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Edinburgh Fringe 2019

Little Rabbit

Small Mercies Productions

Genre: Drama, Fringe Theatre, Physical Theatre, Solo Performance, Solo Show

Venue: Quaker Meeting House


Low Down

Small Mercies theatre’s Little Rabbit directed by Bill Hopkinson and performed expertly by Deborah Pugh (Theatre Ad Infinitum) treads the line between fantasy and tragedy in this ever unfolding one woman show.


Susan is a girl on a staircase, she is dressed all in pink and is a very good girl. She introduces herself to us with childish delight and invites us into her world. Introducing us to her favourite books, dolls and soft toys. She tells us it’s raining, it’s raining so much that there are ducks swimming down the road and the water is seeping into the house. She is allowed to look out of the window but she mustn’t knock and definitely mustn’t be seen. The toaster’s broken because it fell in the water and her Dad’s asleep in the chair downstairs. 

It soon becomes very apparent that Susan is not all she seems, retelling her memories of her jumbled life events we discover that she is not the small child we thought she was. She is in fact much older and a silent voyeur to the outside world. Restrained by lessons and scoldings learned from her mother. She’s not allowed to go outside anyone, she’s not allowed to go to the baths anymore, she must stay inside where it’s safe.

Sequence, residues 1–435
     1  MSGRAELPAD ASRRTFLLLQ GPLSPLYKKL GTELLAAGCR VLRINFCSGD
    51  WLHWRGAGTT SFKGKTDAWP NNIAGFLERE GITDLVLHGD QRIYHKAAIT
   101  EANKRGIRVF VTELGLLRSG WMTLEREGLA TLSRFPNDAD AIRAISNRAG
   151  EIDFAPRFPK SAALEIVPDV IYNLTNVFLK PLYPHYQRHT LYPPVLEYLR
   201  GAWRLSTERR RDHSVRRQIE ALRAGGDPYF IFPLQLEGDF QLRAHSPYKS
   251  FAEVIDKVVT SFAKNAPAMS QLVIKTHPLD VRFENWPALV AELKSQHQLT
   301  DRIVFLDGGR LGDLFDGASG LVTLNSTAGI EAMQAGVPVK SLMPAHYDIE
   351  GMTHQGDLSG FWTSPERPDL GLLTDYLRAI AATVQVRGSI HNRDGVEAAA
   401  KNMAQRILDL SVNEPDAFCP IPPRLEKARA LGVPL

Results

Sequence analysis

But what happens when inside becomes very unsafe, her Dad wont wake up and her mothers not with us anymore? Susan, a child trapped inside her house and a woman’s body must figure out her escape before the water becomes impassable.

Deborah Pugh is stunning as Susan moving around the space with childish wonder, tottering up and down the stairs and dropping paper boats into the ever rising waters. Sadly, I feel her performance was slightly let down by the writing.

Like many plays at the Fringe this year it feels like a much longer play curtailed to an hour for the Fringe audiences. The ending for me felt rushed and I wanted to find out more about her past, what had happened to her father and what on earth happened with that Little Rabbit. Setting the play a bit longer would have strengthened this as a piece of writing at the Fringe and as a more successful piece of theatre.

A thrilling, chilling ride cut short too soon, but on the basis of the hour presented and the performance I am happy to recommend it.